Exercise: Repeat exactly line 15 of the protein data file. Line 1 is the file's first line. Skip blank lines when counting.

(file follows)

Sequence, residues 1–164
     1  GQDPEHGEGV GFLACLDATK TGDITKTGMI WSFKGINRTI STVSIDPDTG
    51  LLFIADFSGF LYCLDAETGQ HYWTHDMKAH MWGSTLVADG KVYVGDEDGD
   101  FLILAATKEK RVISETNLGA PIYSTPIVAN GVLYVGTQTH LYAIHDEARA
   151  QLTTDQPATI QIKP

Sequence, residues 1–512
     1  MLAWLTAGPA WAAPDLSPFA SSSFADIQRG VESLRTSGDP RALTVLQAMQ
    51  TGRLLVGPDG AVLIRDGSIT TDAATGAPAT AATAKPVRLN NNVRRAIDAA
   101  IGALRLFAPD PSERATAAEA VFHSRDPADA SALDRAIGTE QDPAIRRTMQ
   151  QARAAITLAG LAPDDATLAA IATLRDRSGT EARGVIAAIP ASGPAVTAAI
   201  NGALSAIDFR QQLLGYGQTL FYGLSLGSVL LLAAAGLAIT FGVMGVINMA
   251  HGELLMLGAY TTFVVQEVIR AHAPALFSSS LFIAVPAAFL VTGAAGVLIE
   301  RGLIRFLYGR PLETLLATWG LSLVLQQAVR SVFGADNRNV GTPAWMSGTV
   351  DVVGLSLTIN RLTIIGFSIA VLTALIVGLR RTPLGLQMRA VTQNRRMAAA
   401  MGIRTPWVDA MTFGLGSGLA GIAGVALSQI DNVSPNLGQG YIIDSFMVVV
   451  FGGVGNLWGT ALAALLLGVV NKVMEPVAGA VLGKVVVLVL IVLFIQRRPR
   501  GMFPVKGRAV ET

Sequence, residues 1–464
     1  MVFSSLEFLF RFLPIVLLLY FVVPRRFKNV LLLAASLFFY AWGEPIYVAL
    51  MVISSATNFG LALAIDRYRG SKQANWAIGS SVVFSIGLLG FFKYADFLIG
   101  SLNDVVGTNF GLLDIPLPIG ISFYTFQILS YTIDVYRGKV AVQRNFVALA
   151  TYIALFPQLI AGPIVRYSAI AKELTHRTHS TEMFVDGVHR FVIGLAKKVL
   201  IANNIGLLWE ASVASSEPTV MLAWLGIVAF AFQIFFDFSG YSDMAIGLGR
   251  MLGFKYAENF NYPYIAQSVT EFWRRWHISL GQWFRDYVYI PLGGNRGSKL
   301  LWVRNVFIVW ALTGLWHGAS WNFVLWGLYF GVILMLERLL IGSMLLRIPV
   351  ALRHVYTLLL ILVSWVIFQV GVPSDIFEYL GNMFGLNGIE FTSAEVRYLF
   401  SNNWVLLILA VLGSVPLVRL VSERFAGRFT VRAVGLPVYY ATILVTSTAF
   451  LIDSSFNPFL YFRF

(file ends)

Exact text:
   401  MGIRTPWVDA MTFGLGSGLA GIAGVALSQI DNVSPNLGQG YIIDSFMVVV